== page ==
Player of the Week

Player of the week: Jamiro Monteiro

Photo: Paul Rudderow

Jamiro Monteiro wanted the pressure of the penalty. He wanted the ball, and he knew where it was going before he placed it on the six yard marker. The midfielder, clad in light blue, was alone with the goalkeeper on an April afternoon.

After the referee’s whistle blew, Monteiro started his run-up, struck with right foot, and sent the ball into the upper right quadrant of the net.

Monteiro’s penalty came in the fourth minute of stoppage time and secured a 2-2 come-from-behind road draw for Heracles Almelo against fellow Eredivisie side S.B.V. Excelsior. Two minutes had passed since the Cape Verdean international’s first tally of the match made that dramatic moment possible.

Monteiro couldn’t have known he’d have to wait much, much longer than two minutes for his next goal.

It finally came in Philadelphia Union’s 3-0 thrashing of Montreal Impact over the weekend, and the similarities were eerie: same month, same colored kit, and same coolly finished penalty into the same corner of the net.

“For me, it has been a long time since I scored a goal,” Monteiro told the reporters assembled in the Union’s locker room following the win. “I’m really happy to score my first goal for the club, especially during a home game.”

To be exact, the 25-year-old waited 367 days for that moment. And it’s been nearly as long of a wait for even the opportunity.

That penalty for Heracles capped off an impressive season for Monteiro. He’d featured in 37 games for the Dutch side and scored five times along the way. His stellar play secured a move to FC Metz in France’s second division before the start of the 2018-19 season.

For whatever reason, Monteiro couldn’t find a place in FC Metz’s lineup— making only three appearances for the club currently sitting atop their table and destined for promotion to France’s top flight, Ligue 1.

Philadelphia, who had previously flirted with acquiring Monteiro before his move to Metz, announced a short-term loan for the player on March 5, but he’d have to wait a bit longer to touch the field. Three games and 25 days passed with Monteiro stuck in transfer limbo. Delays from the French club in processing paperwork kept the midfielder sidelined.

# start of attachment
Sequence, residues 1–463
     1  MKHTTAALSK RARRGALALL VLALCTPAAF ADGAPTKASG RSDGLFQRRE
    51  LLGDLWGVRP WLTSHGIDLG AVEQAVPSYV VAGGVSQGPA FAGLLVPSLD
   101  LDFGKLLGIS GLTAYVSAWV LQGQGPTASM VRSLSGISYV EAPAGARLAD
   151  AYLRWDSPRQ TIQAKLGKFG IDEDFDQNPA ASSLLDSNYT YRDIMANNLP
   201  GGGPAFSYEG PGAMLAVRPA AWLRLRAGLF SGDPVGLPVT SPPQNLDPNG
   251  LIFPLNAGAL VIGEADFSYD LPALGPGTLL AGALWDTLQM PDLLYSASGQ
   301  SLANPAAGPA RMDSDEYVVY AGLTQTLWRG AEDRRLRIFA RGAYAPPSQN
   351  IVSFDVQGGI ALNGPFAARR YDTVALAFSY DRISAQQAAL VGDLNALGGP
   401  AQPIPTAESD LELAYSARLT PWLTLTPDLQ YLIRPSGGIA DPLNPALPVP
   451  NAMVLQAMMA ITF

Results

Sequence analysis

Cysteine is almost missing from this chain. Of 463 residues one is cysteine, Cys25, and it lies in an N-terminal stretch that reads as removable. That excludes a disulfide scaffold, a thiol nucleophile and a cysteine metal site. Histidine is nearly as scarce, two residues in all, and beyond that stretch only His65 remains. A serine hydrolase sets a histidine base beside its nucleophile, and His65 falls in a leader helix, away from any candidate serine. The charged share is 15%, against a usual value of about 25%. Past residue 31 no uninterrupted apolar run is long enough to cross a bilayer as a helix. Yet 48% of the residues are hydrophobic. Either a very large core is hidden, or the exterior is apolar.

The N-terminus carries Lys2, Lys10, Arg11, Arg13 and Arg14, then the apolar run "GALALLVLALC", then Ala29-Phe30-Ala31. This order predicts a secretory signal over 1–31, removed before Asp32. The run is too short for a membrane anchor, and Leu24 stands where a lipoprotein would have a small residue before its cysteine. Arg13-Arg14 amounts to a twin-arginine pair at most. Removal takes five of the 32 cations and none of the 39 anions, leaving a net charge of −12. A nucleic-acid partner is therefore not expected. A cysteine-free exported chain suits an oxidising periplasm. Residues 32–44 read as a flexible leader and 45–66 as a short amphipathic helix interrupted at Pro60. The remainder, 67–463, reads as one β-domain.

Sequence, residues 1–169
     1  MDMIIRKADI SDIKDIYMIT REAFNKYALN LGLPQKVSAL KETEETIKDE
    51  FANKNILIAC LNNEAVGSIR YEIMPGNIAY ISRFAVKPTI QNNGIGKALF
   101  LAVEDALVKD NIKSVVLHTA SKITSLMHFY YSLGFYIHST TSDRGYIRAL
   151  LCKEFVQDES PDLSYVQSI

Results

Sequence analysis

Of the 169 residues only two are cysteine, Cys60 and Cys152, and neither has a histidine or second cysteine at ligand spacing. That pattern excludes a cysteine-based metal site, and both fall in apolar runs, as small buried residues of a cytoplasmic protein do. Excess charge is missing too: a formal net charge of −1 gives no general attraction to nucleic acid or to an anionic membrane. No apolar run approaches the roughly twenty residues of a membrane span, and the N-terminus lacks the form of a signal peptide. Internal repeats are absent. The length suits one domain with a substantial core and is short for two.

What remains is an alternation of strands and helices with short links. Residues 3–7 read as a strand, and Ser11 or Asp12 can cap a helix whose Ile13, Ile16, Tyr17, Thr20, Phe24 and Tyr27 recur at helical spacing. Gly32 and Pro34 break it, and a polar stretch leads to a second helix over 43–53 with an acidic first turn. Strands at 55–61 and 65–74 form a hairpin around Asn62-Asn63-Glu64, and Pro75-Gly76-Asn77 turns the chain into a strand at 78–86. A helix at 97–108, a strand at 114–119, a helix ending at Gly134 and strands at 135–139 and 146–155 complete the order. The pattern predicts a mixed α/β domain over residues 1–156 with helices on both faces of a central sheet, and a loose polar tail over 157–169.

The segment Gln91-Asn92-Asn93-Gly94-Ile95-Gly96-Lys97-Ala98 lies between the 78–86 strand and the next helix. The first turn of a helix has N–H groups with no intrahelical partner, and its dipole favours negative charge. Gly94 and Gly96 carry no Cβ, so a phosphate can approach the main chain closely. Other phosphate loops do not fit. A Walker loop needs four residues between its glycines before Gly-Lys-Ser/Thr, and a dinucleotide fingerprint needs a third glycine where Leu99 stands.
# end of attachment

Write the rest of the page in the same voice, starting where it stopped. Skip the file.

When the time finally came to play, Monteiro’s quality flashed in two substitute appearances— so much so that Union manager Jim Curtin started No. 10 Marco Fabián as a second striker to create room in the lineup for Monteiro against Los Angeles Galaxy.

With the former unavailable due to injury for Saturday’s game with Montreal, Curtin played the latter as the No. 10 in a 4-2-3-1 formation. It was surprising given what was believed to be known about the player, thought to be more of a box-to-box midfielder, and attacking midfielder Brenden Aaronson’s form— who shifted to the left wing.

“Listen, every player has different qualities and traits they bring to the team,” Curtin said in his post game press conference. “Guys get asked to play in unique roles in Monteiro playing higher up the field.”

In that role Monteiro continued to show his quality. His closing speed and ball-winning ability in defense helped the Union overpower the Impact in the center of the field. For how well he played, it makes sense that Monteiro wasn’t altogether unfamiliar with the position.

“I’m still in the midfield, [but] I played more in front,” said PSP’s Player of the Week. “It’s not the first time playing the No. 10, so it’s not difficult. For me, it was good.”

And if there’s one thing No. 10s have, it’s confidence. When the moment came, Monteiro wanted the penalty. He grabbed the ball— not veteran midfielders Haris Medunjanin or Alejandro Bedoya, and not the opening goalscorer Cory Burke.

“Yeah, not a lot.” Monteiro responded when asked if he had a significant amount of attempts. “But every penalty I took was a goal.”

He’s at least made his last two.

Honorable mention
  • Matt Freese. This wasn’t his first game at Talen Energy Stadium. In fact, Homegrown goalkeeper Matt Freese was around for the Union’s first ever home game— in the stands as a fan. On Saturday, he made his debut for the club he supported as a kid.


  1. Gary Weber says:

    Agree. Jamiro is a revelation. Right up there with Wagner. He is not a depth player. He is a starter. Hope to see much more of him as we waltz into playoffs this year.

  2. It’s early, but this guy looks like he might’ve been an even better signing than Fabiàn.

    And Ernst Tanner is looking like a way better SD than Earnie Stewart.

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